Why has Fibre analysis in Sugarcane gained interest?
Fibre analysis in the sugarcane industry is becoming more and more important to determine the value of the raw cane entering the factories: Traditional analysis to determine the quality of sugarcane delivered to a sugar factory involves the weight of cane, a measure of Brix and Pol, and in most cases a measure of the fibre content. Sugarcane is essentially three main components – sugar, water and fibre. Historically it is sugar that has been identified as the main value component, so attention has focused on how much sugar exists in the sugarcane supply. In more recent times though fibre has become much more important. Fibre is becoming a much more valuable commodity. It’s uses inside and outside the sugar factory have expanded to include biomass user for electricity generation, as a source for 2nd generation fibre to biofuels production, for paper and green packaging manufacture, animal feed and, for small but growing segments, include clothing, concrete reinforcement, and other processes. Fibre analysis in the sugar cane industry is becoming more and more important to determine the value of the raw cane entering the processing plant.
Components of the raw sugarcane deliveries brought into the factory.
Fibre is defined slightly differently across the global group of sugar producing countries, but most often includes cellulose and hemi cellulose in cane stalk, leaf, and other organic components of the crop, in addition to any soil, sand, dirt or stones captured by the harvesting and transport activities in the field. In short, anything that is not sugar or water is defined as fibre. Growers, who often pay for transport also pay for the added weight of soil, sand, and stone to be carried to the factory, whilst at the same time removing the valuable nutrient containing topsoil from their fields. Millers, who process the sugarcane, have higher maintenance costs in wear and tear and stoppages, and often pay for the removed waste as mill mud to be transported back to the field.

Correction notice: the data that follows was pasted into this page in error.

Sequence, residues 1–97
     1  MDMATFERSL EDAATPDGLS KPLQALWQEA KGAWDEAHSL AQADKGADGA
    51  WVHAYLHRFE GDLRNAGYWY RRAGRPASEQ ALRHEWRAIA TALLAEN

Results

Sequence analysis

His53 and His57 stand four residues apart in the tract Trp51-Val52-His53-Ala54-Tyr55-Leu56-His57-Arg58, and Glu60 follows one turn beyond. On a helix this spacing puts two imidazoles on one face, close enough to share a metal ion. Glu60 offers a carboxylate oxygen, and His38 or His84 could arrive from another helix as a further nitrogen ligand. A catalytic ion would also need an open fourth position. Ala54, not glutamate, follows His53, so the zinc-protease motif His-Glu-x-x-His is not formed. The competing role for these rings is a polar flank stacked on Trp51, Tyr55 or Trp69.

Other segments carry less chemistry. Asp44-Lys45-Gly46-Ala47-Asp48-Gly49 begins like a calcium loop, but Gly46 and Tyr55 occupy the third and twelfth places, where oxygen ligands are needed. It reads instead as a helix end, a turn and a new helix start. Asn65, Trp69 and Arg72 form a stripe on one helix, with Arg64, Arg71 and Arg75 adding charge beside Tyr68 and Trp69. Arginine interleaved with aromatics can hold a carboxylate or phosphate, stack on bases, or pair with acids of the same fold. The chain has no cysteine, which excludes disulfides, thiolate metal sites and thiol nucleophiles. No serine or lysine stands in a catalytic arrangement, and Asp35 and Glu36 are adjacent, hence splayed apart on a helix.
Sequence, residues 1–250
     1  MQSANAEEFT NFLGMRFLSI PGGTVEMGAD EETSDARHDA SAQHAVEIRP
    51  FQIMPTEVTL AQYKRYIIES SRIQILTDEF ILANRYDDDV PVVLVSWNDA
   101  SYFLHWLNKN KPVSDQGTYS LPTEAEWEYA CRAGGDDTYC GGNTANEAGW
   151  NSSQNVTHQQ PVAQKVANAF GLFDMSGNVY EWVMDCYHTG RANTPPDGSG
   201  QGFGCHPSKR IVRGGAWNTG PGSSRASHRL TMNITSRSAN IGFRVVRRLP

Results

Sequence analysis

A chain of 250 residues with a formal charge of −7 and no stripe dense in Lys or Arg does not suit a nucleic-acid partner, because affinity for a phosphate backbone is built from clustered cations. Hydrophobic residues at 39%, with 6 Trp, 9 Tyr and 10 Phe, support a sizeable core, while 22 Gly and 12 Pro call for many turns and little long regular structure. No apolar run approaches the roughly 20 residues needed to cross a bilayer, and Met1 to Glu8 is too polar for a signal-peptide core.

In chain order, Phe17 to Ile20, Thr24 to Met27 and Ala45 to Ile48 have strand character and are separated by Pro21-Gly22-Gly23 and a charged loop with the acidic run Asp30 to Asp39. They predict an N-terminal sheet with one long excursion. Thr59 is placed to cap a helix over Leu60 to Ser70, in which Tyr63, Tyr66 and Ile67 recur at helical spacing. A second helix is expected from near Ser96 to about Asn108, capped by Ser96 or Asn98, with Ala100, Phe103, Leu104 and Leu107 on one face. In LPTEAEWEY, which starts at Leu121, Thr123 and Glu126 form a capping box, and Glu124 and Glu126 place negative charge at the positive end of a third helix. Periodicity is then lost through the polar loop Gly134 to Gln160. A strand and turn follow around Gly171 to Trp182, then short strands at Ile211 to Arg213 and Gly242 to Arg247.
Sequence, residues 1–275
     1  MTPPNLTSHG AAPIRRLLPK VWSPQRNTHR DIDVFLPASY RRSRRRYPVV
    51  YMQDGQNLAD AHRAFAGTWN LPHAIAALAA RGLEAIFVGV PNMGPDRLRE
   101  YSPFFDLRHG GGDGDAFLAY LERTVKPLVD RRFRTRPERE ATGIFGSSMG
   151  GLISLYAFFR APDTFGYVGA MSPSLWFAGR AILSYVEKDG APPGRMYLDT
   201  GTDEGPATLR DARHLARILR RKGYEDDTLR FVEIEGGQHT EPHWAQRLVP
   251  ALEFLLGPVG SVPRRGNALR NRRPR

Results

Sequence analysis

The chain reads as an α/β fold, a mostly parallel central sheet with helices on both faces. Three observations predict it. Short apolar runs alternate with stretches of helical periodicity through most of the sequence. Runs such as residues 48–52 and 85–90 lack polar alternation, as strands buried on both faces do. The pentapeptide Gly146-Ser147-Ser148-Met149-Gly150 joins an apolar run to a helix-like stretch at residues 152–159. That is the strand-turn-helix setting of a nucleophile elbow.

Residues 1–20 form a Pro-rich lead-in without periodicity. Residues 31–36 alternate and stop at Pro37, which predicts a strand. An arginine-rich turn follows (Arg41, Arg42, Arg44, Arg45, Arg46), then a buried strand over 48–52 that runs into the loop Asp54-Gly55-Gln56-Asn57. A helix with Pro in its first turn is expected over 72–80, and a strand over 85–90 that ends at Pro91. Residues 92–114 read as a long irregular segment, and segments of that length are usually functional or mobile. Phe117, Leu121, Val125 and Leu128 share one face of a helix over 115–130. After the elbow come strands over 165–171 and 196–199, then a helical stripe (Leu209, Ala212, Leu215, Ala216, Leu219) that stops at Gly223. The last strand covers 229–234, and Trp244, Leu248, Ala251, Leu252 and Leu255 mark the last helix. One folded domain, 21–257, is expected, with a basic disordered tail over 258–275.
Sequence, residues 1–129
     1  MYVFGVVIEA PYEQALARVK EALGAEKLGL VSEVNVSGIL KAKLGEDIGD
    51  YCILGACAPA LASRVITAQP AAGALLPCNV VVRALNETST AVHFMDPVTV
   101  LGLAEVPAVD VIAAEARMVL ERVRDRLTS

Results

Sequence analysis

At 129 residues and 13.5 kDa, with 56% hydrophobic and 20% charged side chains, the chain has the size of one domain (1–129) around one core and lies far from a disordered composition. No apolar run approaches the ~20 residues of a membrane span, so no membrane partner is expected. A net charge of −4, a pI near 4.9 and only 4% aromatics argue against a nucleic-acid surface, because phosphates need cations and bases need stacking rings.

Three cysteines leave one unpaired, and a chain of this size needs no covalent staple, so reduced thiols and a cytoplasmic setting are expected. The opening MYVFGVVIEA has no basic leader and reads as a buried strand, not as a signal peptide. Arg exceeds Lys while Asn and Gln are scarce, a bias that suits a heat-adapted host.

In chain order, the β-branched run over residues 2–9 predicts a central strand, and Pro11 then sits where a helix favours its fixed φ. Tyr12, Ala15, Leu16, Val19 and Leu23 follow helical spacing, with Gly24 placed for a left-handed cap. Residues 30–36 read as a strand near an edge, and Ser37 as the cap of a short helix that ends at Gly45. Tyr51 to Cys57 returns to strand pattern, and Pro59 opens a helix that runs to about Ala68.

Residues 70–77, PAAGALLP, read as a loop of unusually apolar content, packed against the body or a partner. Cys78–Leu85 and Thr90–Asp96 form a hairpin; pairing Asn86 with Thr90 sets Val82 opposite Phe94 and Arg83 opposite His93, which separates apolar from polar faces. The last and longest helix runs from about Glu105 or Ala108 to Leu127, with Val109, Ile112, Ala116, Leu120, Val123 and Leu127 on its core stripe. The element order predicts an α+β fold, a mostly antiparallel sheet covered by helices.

Whilst the organic components can be utilised profitably it is the non-organic components that add significant cost to both growers and millers, and that is the unwanted component of the crop. Unfortunately, as the incidence of mechanically harvested sugarcane increases as a proportion of the crop, more and more soil, sand and stone finds it’s way to the factory. Sugarcane supply is becoming more and more contaminated by loss making unwanted waste material that adds cost when transporting it into the plant, adds costs to remove it from the process, and further costs to transport it away again.
Determining the value of raw sugarcane deliveries
Sugar factory laboratories usually have analytical methods that enable producers to identify how much fibre exists in the cane supply. Additionally, a method of analysis for Ash assists the laboratory in identifying how much soil, sand and stone is entering the sugar factory. Methods of analysis for fibre do vary in different countries and regions. These include empirically “calculated by difference” methods that provide approximate indications of the fibre percentage to more professionally recognised official methods that can take up to eight hours to complete by more direct measurement. Whilst fast and reasonably accurate analysis by Near Infra-Red is possible it is a secondary method that relies upon an accurate primary method of fibre analysis as a calibration model. NIR calibration models are usually built from a database of several thousand fibre analysis. In summary, you still need accurate primary analytical methods of fibre analysis for NIR to work well.
Fibre analysis in the sugarcane industry to reduce production cost
The sugar industry would benefit from access to a fast accurate and reliable method for determination of fibre in sugarcane for quality. Accurate and fast feedback of sugarcane fibre content to the harvesting and transport sectors would assist in reducing costs across the entire sugar industry, both reducing costs for growers and improving the ability of the millers to produce high quality sugar, and clean, value adding fibre for additional income stream generation.
In the next section we will expand upon the more common methods of fibre analysis, their strengths, and weaknesses.